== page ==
The War on the Script Consultant – Part Deux: It Sounds Good on Paper

Yesterday, we chatted about the attack on the script consultant. The quick and dirty version is that script consultants suck, everything is horrible and everyone should kill ourselves because, really? What’s the point?

(If you want the less paraphrased version, check out Part 1 here).

We left off with my “impressive” list of credentials. And if I’m correct, I was about to trash said credentials. Yup. You heard me. Let’s break ’em down and play devil’s advocate.

First. The degree. It’s meaningless. Ohio University is a school that most of Hollywood doesn’t even know exists. OU hardly pumps out Oscar worthy screenwriters that are taking the industry by storm. I don’t say this to shit on my education (or the school), but let’s be real here. It’s no USC, UCLA or NYU. (TRUE FACT)

My first screenwriting professor at OU was an actress from Great Britain. Her claim to fame was one of many BBC productions of Pride and Prejudice in 1980. She taught us using Aristotle’s Poetics and Robert McKee’s Story. She never sold a script. Once I think there were talks of one of her scripts having heat, but like most of what happens to scripts in Hollywood, it fizzled out and never went any where.

She did her best, but let’s face facts… one of the senior lecturers at USC is Mardik Martin, who co-wrote Raging Bull. His 1980 was a little bit more eventful. Know what I’m saying?

So while the phrase, “I have a masters in screenwriting” sounds cool… the reality is… it’s not.

Quick Anecdote: In my final year of grad school, right before graduation, I had a discussion with a mentor of mine, Jessica Bendinger… a successful screenwriter. She told me that my degree was pretty much worthless when it came to Hollywood. One of her suggestions was enrolling in the prestigious Stark Producing Program at USC. Doing that would be a “silver bullet into the industry.” (Her words). So the answer to getting into Hollywood with a masters degree, was to get a DIFFERENT masters degree from a “better” school?! Um, no thanks. Anyway…

Next up: My Internships.

Internships aren’t hard to find. Being a reader is easy. The problem with being a reader? You hardly ever get to read anything that’s super spectacular. Both places I interned had a “no unsolicited scripts” policy. Which means that they only take scripts from reputable sources. Which sounds exciting, but again, let’s face facts… not EVERY agent and manager has the next golden ticket script in their pockets.

Everyone has a script. Everyone. And sometimes their A-list client wants to help out their niece’s cousin’s gardener who wrote a script and they’re forced to lightly peddle it around town. When said script makes it to the production company, who do you think gets to read it? The president of production? The CEO of the company? No fucking way. Interns read that shit.

Quick Anecdote #2: One day Arnold, of Arnold Kopelson fame, emailed me a script and told me to read it and give him some notes on it. Who wrote it? The Maitre ‘D at one of the resturaunts he gets a good table at. That’s how it works. The Maitre ‘D makes sure he gets the good table by the piano and in front of the window, next to Jennifer Aniston’s table and Arnold “reads” his script. (TRUE FACT)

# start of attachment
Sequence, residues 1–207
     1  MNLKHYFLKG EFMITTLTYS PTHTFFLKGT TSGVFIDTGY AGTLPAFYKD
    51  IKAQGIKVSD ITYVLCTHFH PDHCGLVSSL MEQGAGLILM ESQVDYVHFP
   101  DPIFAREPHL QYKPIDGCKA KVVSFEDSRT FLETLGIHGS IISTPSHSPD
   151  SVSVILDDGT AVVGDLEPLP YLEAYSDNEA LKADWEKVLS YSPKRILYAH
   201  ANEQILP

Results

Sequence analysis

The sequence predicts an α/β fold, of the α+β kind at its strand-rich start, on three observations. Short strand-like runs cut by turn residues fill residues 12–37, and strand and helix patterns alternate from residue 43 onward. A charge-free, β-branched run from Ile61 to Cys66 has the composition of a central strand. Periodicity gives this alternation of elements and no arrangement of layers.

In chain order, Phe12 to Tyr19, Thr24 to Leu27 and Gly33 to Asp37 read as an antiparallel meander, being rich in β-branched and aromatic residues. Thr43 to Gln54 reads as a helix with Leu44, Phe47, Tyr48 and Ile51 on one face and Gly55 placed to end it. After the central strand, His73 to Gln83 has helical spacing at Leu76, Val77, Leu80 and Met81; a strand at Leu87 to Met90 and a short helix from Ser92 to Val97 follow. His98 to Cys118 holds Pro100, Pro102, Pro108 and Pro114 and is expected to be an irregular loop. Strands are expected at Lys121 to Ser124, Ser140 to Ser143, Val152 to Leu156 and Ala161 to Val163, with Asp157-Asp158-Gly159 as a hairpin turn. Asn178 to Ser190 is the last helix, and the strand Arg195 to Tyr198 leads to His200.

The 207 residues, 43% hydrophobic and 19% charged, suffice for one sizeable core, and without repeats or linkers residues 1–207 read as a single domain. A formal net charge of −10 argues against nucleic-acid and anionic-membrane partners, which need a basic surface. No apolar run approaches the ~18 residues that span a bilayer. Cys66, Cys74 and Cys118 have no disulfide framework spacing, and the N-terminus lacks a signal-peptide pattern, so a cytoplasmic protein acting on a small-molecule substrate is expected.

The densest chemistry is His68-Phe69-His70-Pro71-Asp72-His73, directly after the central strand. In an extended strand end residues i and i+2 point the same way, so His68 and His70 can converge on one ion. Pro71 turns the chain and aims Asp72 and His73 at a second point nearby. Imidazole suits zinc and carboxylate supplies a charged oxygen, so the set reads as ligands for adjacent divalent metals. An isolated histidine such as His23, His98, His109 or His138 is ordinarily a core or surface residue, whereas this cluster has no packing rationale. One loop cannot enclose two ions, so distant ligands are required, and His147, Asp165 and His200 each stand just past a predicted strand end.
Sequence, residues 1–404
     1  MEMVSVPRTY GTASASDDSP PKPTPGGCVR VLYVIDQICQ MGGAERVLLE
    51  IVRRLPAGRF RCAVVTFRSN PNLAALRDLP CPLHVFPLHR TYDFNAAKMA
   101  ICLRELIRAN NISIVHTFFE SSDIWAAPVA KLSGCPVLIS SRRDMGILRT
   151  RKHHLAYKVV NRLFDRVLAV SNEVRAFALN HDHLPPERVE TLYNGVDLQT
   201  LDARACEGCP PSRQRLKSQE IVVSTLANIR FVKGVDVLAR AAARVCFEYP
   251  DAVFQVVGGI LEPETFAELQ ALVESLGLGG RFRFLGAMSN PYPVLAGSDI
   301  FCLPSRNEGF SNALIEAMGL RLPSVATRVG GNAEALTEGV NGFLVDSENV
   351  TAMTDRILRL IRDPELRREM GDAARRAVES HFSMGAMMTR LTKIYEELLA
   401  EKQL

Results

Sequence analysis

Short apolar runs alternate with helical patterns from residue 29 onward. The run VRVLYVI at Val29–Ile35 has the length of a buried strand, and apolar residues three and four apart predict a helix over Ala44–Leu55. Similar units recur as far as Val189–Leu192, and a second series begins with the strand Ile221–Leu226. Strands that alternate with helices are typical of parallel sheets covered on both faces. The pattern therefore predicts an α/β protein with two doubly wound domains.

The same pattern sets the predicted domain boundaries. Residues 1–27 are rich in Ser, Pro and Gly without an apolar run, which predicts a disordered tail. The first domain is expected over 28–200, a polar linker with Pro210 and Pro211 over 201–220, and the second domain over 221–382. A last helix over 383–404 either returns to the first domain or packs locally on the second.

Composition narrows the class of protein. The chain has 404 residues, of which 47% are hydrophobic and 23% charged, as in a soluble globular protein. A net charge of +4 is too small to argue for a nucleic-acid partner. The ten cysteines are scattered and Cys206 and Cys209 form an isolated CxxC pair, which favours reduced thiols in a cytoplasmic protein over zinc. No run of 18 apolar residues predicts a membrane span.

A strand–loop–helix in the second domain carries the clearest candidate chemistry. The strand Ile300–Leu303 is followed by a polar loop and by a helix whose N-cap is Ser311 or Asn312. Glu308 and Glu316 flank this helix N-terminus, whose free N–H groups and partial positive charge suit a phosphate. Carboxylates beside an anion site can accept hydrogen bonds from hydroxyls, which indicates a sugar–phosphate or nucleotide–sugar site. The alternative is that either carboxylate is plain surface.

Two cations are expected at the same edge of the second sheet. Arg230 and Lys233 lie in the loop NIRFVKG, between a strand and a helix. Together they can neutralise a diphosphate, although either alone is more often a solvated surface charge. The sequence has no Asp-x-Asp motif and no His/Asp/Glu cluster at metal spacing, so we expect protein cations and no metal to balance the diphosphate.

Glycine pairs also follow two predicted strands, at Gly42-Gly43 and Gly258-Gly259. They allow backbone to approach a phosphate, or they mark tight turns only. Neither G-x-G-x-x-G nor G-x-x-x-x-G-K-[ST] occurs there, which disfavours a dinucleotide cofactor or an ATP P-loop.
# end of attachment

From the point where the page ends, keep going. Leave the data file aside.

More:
I’m sure Arnold went back to that guy, told him a couple of nice things off my notes and made the guy feel awesome thus ensuring that he’d still get the “best table in the house.”

I promise you. That script sucked ass. It was BAD, but Arnold isn’t going to tell that guy that. He doesn’t want to rock the boat when it comes to remaining relevant in Hollywood.

The point is, it’s not like I was reading scripts by the next Alexander Payne… or even Alexander Payne himself. It was all shit.

Does that make me an expert? Hardly.

When I moved up in the ranks at Kopelson, the scripts didn’t get better. In the 90’s, the Kopelson name could print money… but now? Let’s just say that I wasn’t joking with the table table story and the staying relevant comment. Arnold’s ship was full of holes and he was scrambling to plug them up before the whole ship went under. You think heads of studios were calling up and delivering top notch material for Kopelson to produce? If you answered yes… you’re just as delusional as he was/is.

Yet, for some reason… “Kopelson” is still a legend, so it sounded cool when I dropped the name. Made me sound important. I wasn’t.

“I attended a slew of pitchfests.” This one gets me tons of street cred. Why? Pitchfests are literally the bottom of the barrel. That’s not me being hyperbolic… it’s me being real. The first time I attended a pitchfest, I had been working as an intern at a different company. My friend asked me to sit at a table for him because the organizers were pressuring him to participate and he didn’t want to. Plus, he knew I needed the money. I asked him what I needed to do. He said: “Just sit there, listen to what they have to say and pass on everything. If you hear something AMAZING. Get their number and let me know.” Boom. That was it. Before that day, I didn’t even know what a pitchfest was.

Now obviously, I’m not stupid and I picked it up pretty quick, but if I could hear pitches being an absolute zero… well, do the math? You think 100% of the people you’re pitching to has any real power? Hell, or even knows what they’re doing? I doubt it.

When I started going to pitchfests under the Kopelson name, I told Anne and Arnold that I was going to do it. It was on the weekend, it was my “own time” so they didn’t care. I thought it would be a way to show initiative and prove to them that I’m serious about being “in the game.” The following Monday, I tried to give a report of my time at the pitchfest but they couldn’t be bothered. So I dropped it. I kept going to them though, using their name without their knowledge. Now, HAD I FOUND SOMETHING, of course I could have given it to them… or worked it up the ladder, but needless to say, I never did.